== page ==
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New Yorkers get malaria from mosquitoes


NEW YORK -- For the first time in more than four decades, residents of metropolitan New York have contracted malaria from local mosquitoes, federal health officials said yesterday.

Three of the cases occurred last July in the New York borough of Queens, startling city health officials who this year, for the first time in recent memory, are regularly trapping the insects and testing them for the disease. Two other cases, to be reported today in the New England Journal of Medicine, were seen in New Jersey in 1991.

"The people were very clear that they had never been outside the United States," Dr. John Brook of the New Jersey Health Department said of the cases in his state. "We've been free of malaria in this area since the 1940s. Somehow, malaria had to be brought into this country."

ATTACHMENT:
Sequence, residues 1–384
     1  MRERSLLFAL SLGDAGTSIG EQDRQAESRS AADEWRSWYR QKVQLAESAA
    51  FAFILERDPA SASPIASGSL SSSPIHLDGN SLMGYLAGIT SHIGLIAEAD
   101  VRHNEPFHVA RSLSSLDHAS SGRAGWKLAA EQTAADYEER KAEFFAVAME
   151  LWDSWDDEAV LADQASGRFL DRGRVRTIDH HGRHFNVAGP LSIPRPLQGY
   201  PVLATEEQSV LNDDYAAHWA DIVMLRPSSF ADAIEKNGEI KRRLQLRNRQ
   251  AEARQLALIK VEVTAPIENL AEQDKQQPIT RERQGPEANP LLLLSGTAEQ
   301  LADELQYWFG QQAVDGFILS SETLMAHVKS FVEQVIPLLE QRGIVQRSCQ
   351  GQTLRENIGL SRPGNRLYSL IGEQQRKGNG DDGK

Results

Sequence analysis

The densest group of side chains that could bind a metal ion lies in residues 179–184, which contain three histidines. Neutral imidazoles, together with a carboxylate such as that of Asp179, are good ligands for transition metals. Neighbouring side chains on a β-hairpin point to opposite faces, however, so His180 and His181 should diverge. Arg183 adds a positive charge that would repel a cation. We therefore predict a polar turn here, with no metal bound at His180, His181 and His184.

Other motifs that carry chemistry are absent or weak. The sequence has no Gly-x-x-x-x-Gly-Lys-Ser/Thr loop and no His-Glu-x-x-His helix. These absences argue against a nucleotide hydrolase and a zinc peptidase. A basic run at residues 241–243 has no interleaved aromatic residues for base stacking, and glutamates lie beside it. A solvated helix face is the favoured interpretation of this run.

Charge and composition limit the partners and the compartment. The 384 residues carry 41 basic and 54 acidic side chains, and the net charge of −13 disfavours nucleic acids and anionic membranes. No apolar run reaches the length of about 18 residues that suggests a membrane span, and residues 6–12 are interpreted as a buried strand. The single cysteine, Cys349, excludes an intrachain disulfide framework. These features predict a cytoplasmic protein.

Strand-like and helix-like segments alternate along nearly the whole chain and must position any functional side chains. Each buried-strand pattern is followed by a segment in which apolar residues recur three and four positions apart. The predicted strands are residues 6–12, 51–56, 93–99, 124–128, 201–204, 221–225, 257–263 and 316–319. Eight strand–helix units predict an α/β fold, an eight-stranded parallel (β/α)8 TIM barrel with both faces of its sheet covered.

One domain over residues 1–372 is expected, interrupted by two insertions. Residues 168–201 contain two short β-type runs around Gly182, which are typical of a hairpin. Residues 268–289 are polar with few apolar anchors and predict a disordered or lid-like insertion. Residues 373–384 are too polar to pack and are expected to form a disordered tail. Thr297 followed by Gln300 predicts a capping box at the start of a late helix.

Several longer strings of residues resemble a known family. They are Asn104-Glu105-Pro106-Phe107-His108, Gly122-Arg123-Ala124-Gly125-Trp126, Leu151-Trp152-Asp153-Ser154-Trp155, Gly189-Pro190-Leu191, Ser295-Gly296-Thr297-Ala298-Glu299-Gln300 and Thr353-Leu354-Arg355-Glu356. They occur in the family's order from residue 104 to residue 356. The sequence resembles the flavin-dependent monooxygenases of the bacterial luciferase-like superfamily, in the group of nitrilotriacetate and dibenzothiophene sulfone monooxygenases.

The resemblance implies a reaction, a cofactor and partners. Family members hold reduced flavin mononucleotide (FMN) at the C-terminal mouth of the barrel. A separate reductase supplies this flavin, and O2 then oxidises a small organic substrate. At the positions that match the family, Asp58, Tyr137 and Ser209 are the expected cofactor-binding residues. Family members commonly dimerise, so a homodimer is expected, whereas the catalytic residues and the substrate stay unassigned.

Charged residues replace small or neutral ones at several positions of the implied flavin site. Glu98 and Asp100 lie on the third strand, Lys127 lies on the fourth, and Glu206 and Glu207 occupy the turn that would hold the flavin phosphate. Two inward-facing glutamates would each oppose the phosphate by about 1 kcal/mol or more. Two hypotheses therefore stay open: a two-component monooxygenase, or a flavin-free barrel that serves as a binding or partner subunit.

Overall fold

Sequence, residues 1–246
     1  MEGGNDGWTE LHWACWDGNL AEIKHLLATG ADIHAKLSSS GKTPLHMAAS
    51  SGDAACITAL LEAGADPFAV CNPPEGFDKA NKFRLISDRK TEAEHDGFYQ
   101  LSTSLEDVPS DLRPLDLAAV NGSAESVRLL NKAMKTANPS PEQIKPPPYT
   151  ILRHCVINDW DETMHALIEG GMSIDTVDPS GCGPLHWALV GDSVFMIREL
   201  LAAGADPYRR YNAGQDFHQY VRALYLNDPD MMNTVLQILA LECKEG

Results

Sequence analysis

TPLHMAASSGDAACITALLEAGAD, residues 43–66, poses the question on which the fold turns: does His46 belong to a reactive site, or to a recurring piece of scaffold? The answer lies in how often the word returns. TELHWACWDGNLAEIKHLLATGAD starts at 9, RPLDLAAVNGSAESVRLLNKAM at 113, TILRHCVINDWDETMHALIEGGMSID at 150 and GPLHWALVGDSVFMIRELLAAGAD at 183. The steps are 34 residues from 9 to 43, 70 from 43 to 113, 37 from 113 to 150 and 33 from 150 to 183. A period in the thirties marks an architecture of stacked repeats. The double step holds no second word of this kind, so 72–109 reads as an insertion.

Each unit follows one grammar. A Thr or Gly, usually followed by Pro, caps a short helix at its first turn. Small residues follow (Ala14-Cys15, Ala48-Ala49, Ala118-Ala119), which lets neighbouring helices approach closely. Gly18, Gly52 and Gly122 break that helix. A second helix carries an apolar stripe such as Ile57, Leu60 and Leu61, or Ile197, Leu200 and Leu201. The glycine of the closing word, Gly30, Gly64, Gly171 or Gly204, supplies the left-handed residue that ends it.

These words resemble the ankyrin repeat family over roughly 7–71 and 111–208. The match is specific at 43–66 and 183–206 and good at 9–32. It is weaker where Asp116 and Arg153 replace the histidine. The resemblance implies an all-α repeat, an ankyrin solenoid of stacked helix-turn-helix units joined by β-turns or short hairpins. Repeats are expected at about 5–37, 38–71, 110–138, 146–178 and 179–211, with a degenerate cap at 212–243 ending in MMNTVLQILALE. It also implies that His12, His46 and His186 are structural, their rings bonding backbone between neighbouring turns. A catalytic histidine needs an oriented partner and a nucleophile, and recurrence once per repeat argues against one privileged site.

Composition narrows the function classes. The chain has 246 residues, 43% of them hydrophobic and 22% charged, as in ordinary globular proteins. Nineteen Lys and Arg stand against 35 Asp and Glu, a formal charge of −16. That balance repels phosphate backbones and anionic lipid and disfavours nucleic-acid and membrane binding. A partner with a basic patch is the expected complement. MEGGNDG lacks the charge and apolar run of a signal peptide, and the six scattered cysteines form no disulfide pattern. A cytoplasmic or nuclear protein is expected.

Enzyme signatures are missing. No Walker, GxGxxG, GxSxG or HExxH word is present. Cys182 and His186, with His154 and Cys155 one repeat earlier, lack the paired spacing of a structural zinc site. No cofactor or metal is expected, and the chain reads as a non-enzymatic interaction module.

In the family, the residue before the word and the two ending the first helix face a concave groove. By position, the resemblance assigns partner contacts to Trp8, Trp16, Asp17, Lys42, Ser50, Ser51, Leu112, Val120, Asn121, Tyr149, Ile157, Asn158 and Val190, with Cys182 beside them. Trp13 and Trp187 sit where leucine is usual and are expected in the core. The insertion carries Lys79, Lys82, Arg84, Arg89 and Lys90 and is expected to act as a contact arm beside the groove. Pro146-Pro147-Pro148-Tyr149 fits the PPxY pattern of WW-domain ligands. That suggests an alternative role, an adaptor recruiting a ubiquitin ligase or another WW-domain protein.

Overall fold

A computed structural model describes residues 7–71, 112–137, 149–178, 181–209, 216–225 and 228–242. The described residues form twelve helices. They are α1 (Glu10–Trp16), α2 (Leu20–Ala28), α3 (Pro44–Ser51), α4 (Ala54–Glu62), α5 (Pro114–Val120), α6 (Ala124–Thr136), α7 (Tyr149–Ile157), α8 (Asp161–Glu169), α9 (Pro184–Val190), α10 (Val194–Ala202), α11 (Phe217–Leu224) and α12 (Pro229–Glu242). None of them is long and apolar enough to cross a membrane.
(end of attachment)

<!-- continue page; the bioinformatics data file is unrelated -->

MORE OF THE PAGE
The New York cases, which had not been publicized previously, were confirmed to Newsday by authorities with the New York City Health Department and the federal Centers for Disease Control and Prevention.

Malaria was eradicated from the United States during the 1940s and early 1950s, health officials said. Since then, an average of one case of locally acquired malaria has been reported to the CDC each year nationwide.

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